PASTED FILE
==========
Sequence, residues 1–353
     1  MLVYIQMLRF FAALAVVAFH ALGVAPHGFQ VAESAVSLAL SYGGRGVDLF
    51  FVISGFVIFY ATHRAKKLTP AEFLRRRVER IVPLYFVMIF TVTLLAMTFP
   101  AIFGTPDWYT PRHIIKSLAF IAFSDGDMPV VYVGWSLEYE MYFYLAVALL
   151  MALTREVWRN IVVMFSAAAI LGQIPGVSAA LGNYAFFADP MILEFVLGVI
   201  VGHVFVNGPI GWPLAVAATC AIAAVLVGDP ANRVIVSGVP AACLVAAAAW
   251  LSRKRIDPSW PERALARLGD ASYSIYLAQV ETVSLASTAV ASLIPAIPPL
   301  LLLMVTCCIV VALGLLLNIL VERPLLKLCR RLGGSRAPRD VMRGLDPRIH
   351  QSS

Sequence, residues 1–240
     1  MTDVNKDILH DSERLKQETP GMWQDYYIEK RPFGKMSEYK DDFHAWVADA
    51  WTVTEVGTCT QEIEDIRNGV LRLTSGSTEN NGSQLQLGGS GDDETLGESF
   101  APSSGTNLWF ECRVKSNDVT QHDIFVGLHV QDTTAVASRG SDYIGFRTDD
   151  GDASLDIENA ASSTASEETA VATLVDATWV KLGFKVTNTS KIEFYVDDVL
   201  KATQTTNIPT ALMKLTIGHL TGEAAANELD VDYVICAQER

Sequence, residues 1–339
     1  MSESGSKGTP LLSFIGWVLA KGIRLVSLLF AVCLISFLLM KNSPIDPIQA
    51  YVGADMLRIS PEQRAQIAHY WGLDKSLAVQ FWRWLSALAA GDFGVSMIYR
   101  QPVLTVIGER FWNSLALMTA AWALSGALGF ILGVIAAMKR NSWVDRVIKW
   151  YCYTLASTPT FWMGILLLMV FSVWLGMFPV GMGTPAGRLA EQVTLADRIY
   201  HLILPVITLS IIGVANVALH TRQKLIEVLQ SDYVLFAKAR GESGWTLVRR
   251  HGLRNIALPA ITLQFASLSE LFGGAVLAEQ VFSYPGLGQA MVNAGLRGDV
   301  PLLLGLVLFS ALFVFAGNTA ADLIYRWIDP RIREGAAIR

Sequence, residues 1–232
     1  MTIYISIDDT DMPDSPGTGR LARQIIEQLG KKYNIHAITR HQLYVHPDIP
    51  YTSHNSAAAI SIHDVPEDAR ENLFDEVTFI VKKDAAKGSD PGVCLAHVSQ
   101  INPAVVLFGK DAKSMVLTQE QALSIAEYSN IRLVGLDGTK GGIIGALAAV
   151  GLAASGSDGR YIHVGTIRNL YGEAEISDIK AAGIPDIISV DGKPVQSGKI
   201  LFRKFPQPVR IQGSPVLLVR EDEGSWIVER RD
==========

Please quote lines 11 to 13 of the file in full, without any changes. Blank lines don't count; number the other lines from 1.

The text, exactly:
     1  MTDVNKDILH DSERLKQETP GMWQDYYIEK RPFGKMSEYK DDFHAWVADA
    51  WTVTEVGTCT QEIEDIRNGV LRLTSGSTEN NGSQLQLGGS GDDETLGESF
   101  APSSGTNLWF ECRVKSNDVT QHDIFVGLHV QDTTAVASRG SDYIGFRTDD